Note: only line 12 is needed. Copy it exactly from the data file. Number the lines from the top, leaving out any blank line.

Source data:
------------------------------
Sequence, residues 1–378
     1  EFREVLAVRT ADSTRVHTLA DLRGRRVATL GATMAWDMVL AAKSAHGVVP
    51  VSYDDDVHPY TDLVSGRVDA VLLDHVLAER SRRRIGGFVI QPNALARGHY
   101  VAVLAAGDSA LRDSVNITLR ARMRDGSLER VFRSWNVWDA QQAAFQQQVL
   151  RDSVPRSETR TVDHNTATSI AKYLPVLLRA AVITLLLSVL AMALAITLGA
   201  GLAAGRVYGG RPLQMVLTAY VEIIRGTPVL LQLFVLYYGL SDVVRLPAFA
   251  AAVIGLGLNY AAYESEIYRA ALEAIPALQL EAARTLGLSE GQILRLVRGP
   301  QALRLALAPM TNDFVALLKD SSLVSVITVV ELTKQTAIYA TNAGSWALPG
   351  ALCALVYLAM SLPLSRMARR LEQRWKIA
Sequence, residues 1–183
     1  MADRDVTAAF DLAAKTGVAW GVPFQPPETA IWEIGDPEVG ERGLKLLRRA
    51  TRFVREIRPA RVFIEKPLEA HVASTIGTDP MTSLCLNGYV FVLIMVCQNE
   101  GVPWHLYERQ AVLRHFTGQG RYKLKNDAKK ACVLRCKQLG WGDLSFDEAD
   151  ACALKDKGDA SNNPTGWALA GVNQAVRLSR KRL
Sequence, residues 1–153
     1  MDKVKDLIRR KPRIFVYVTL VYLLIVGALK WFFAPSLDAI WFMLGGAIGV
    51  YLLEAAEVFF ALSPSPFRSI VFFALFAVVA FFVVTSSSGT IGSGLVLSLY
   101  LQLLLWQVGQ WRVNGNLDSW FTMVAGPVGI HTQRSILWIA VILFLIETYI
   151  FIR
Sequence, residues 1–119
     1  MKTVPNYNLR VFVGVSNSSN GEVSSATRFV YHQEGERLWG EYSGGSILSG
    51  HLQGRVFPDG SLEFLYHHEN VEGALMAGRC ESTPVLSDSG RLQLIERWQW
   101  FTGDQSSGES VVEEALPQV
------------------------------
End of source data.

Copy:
    51  TRFVREIRPA RVFIEKPLEA HVASTIGTDP MTSLCLNGYV FVLIMVCQNE